New Delhi, Dec 11, 2019 : Home Minister Amit Shah took on the Opposition in the Rajya Sabha for questioning the basis of Citizenship (Amendment) Bill, 2019, saying it has corrected a historic blunder.
“I said earlier in the day that Partition was done on the religious lines. The Opposition criticised this statement, so I would like to quote from the April 8, 1950 Nehru-Liaquat agreement (known as Delhi declaration), which said the religious minorities will be given equal rights in both the countries (India and Pakistan) to be part of the government and practice their own religions. These are the claims made by the Prime Ministers of both the countries to their respective religious minorities,” Shah said while replying to the debate on citizenship bill, Hindustan Times reported.
So, Partition was done on the religious line - it was a blunder which led us to formulate this bill, he further said.
“I know the law of Pakistan: There are many restrictions. India followed its principles - we have seen people from minority communities at high positions like Chief Justice of India, Chief Election Commissioner etc. But has this happened in three neighbouring countries? These minorities came to our country to save themselves. And we shouldn’t give them citizenship? Hence, this law is needed,” the Home Minister said.
Rajya Sabha held a six-hour-long debate on the bill, and after the Home Minister’s reply, there will be voting on it.
The bill seeks to fast-track citizenship to persecuted minorities coming to India from three neighbouring countries - Pakistan, Bangladesh and Afghanistan. The BJP-led central government is pushing for the bill arguing that it is India’s duty to give these minorities a dignified life.
During the fierce debate, the Opposition slammed the government for attacking the foundation of the Constitution and Centre rubbishing all the allegations.
The day began with Shah tabling the bill in the Rajya Sabha with assurance that it will give protection to persecuted minorities from three neighbouring countries. “When Partition happened, it was thought the minorities will get civil rights and lead a normal life, that they will be able to practice their own religion and protect their women. But when we look back, we see what the truth really is. These people did not get their rights. They were either killed, converted or came to India,” Shah said.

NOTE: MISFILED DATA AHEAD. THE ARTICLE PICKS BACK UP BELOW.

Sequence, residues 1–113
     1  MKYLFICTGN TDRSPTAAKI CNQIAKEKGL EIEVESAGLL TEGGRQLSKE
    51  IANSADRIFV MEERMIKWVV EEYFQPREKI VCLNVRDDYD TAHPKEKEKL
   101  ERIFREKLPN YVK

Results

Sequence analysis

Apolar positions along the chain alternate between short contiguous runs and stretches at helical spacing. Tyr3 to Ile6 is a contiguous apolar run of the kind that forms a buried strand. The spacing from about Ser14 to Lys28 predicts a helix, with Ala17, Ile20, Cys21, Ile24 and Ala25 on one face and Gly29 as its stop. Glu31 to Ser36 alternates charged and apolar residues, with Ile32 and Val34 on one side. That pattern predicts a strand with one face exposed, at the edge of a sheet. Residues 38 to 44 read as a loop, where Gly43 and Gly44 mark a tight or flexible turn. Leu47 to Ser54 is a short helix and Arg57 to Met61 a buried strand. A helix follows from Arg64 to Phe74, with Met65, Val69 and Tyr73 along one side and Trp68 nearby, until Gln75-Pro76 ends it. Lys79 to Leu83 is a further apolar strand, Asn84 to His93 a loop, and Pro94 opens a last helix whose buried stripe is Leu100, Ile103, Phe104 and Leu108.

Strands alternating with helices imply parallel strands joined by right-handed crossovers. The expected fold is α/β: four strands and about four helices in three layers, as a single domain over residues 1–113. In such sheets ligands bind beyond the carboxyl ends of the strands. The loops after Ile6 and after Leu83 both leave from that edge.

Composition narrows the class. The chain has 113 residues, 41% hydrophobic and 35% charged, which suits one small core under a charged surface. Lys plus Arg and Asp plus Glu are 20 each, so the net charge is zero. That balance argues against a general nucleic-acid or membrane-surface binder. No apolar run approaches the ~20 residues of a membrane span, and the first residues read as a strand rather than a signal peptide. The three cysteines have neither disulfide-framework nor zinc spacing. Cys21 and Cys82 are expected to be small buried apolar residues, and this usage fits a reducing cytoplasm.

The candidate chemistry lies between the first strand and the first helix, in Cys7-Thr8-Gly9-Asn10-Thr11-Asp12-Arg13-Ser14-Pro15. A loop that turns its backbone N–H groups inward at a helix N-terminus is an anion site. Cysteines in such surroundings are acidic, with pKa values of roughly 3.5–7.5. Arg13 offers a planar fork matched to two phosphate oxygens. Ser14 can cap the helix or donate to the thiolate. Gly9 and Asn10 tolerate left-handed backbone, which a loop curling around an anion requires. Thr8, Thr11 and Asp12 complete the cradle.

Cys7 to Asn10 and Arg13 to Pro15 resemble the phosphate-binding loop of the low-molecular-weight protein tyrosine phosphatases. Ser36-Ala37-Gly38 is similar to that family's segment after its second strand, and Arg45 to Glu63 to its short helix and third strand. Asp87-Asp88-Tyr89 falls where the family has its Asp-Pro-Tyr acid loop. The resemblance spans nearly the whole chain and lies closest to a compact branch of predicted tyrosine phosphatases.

He vehemently denied the Opposition charge that the bill is biased against Muslims in India. “The Muslims in India are our citizens, they won’t be tortured. What do you want - all the Muslims coming from all over the world should be given Indian citizenship? This is not possible. The minorities are being persecuted in these three countries, that is why we have included only these countries,” Shah said.
But as soon as the Home Minister finished his introductory speech, the Opposition started throwing barbs at the government invoking Mohammad Ali Jinnah and Sardar Vallabhbahi Patel.
“It hurts the soul of India. It is against our Constitution and democracy. It fails the morality test. It fails the constitutionality test. It is divisive and discriminatory,” said Congress’s Anand Sharma.
The Trinamool Congress and Samajwadi Party joined the raging debate. “I read that PM said this will be written in golden letters. I will tell you where it will be written; it will be written on grave of the father of the nation, but which father of the nation? In Karachi, on Jinnah’s grave,” said Trinamool Congress’s Derek O’Brien.
Samajwadi Party’s Javed Ali Khan said, “Our government, through this Citizenship (Amendment) Bill and NRC, is trying to fulfill the dream of Jinnah. Remember, in 1949 Sardar Patel had said ‘we are laying the foundation of a truly secular democracy in India’. The country cannot be divided on the basis of religion.”
In between the exchange of these caustic remarks, leaders of different parties kept announcing their stand in favour or against the bill. While the Janata Dal (United) continued its support for the bill in the Rajya Sabha, as it did in the Lok Sabha, the government’s legislation got a boost with the support of All India Anna Dravid Munnetra Kazhagam (AIADMK), YSR Congress and Biju Janata Dal (BJD).
When the bill was tabled in the Lok Sabha on Monday, it saw similar aggression from the Opposition parties. The AIMIM’s Asaduddin Owaisi even tore up a copy of the bill. But the government used its absolute majority to push through the legislation in the Lower House on Parliament.
The bill seeks to halve 11-year-long wait for citizenship for non-Muslims from three countries. It will make it much easier for Hindus, Sikhs, Buddhists, Jains, Parsis, and Christians fleeing Afghanistan, Bangladesh and Pakistan to become Indians.
Protests against the bill have flared in various parts of India, including the ethnically diverse northeastern states, where people fear that settlers from neighbouring Bangladesh could be granted citizenship. The Army has deployed troops in Tripura and putting reinforcements on standby in neighbouring Assam, where police battled thousands of protesters. Police in Assam’s Guwahati used water cannons and tear gas as they clashed with protesters, who had blocked roads with flaming tyres.